A report on money laundering and terrorist financing risks in the country identified virtual currencies, precious stones and metals dealers, and the Singapore Freeport, as emerging areas for further study to determine whether any mitigating measures are needed
In January, three government agencies – Ministry of Home Affairs, Ministry of Finance and Monetary Authority of Singapore (MAS), published the inaugural national risk assessment (NRA) report on money laundering and terrorist financing (MLTF) risks covering over 14 financial sub-sectors and eight non-financial sectors in the country.
Acknowledging that “Singapore's openness as an international transport hub and financial centre exposes it to inherent cross-border money laundering and terrorist financing risks”, the report authors noted “a number of sectors where controls are relatively less robust”. These include remittance agents, money-changers, internet-based stored value facility holders, corporate service providers and pawnbrokers.
Furthermore, the government has identified three key areas - virtual currencies, precious stones and metals dealers, and the Singapore Freeport; to study and review best international practices and determine whether any mitigating measures are needed to prevent any MLTF activities via these channels.
Detailing the risk assessment of the financial sector, the report noted that virtual currencies such as bitcoins and precious metal-backed digital currencies are gaining popularity in the online world. Thus, there is some risks associated with these due to their “anonymity, cross-border nature and low transaction costs”. These virtual currencies are transferred electronically between users facilitated by virtual currency exchanges and are not usually denominated in fiat currencies.
“MAS is closely monitoring developments in this area and will consider the need for regulation if necessary,” the report added.
In the non-financial sectors, the report noted that as precious stones and metal dealers sector in Singapore is varied and segmented, and without a specific regulatory body, the MLTF risks associated with it “will have to be analysed further”.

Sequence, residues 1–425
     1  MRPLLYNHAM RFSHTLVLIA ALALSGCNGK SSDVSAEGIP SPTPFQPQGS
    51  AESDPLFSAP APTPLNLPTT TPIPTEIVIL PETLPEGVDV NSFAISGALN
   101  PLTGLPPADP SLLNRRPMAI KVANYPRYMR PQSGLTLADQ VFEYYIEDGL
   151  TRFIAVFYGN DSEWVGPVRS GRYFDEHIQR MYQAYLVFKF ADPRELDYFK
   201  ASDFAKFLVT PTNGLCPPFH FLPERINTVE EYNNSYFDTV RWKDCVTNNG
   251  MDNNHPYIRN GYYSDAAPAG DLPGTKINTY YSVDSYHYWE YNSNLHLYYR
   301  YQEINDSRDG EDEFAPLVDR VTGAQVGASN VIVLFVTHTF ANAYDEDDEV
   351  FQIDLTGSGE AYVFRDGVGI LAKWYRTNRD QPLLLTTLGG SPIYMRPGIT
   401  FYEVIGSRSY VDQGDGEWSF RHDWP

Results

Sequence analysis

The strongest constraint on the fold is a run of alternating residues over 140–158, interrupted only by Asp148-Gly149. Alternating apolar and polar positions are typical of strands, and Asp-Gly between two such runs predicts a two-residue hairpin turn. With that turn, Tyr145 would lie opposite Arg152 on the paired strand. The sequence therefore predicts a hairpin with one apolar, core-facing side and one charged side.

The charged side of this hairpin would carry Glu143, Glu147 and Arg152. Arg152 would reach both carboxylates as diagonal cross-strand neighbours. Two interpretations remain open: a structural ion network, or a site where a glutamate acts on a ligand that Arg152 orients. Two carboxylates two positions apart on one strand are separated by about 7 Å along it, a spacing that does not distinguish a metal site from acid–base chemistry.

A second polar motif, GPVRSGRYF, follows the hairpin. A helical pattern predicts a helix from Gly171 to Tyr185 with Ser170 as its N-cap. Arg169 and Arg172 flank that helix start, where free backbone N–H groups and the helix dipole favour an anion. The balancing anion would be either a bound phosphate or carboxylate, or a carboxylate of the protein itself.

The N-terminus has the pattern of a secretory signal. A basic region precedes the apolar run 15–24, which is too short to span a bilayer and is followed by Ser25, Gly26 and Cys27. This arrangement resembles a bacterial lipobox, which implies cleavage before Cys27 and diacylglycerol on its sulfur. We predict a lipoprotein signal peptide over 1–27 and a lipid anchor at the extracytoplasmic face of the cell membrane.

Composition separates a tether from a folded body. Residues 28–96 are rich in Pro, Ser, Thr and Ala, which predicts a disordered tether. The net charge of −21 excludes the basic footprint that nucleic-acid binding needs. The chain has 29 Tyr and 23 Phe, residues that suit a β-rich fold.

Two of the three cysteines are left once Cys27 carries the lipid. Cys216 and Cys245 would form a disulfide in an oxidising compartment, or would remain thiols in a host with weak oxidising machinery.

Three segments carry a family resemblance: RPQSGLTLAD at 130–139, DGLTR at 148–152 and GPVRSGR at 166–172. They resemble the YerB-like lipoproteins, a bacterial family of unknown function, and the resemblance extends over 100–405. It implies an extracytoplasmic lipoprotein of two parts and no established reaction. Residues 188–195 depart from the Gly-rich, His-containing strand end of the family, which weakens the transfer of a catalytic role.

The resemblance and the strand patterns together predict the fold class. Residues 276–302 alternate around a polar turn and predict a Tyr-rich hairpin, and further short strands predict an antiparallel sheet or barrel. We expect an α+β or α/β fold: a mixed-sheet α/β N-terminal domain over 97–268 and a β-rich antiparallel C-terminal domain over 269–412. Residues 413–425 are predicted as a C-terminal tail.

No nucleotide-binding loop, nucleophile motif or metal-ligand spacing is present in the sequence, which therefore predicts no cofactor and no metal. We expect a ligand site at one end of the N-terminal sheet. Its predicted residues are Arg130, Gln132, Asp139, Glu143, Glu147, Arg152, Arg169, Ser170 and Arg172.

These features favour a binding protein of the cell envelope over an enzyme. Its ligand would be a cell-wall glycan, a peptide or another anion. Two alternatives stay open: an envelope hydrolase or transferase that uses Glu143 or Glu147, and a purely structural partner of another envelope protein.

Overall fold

“Based on preliminary feedback from the industry, most transactions are geared towards personal consumption rather than for trading purposes. Nonetheless, we have noted instances where Singapore had hosted diamond trade shows, and there could be some plans to grow the precious metals industry,” said the report, adding, “While there are international typologies on the use of precious stones and metals as a tool to launder money, particularly as a store-of-value to move illicit proceeds easily, there have been very few cases of ML and no case of TF involving this sector to date.”
The Singapore Freeport
Similar is the case for Singapore Freeport (SF). The SF licensees are awarded under the TradeFIRST framework and their licenses are re-assessed periodically by the Singapore Customs.
The licensees are also subject to domestic anti-money laundering and countering the financing of terrorism (AML/CFT) laws and regulations, and are mandated to detect and report suspicious transactions to Suspicious Transaction Reporting Office (STRO).
The Singapore Freeport, opened in May 2010, is a secured storage facility for high-value collectibles, such as art pieces, wine, and precious metals. Long-term storage and trade of high-value collectibles brought in from outside Singapore, are carried out within the
Singapore Freeport without attracting any duties or Goods and Services Tax. The Singapore Freeport is within Singapore’s customs territory and is not a free trade zone.
Courtesy: Singapore's inaugural NRA report
The government assured that it takes a “serious view of illegal activities in its financial sector and economy” and the NRA report will help in maintaining an “effective risk-based regime” to combat MLTF activities and allocate public sector resources efficiently. The private sector, in turn, can also better understand MLTF risks in their related industries and strengthen measures whenever necessary, the authors concluded.
Please click here to read Newzzit's earlier story on 'Terrorism financing to cost the same as money laundering in Singapore'.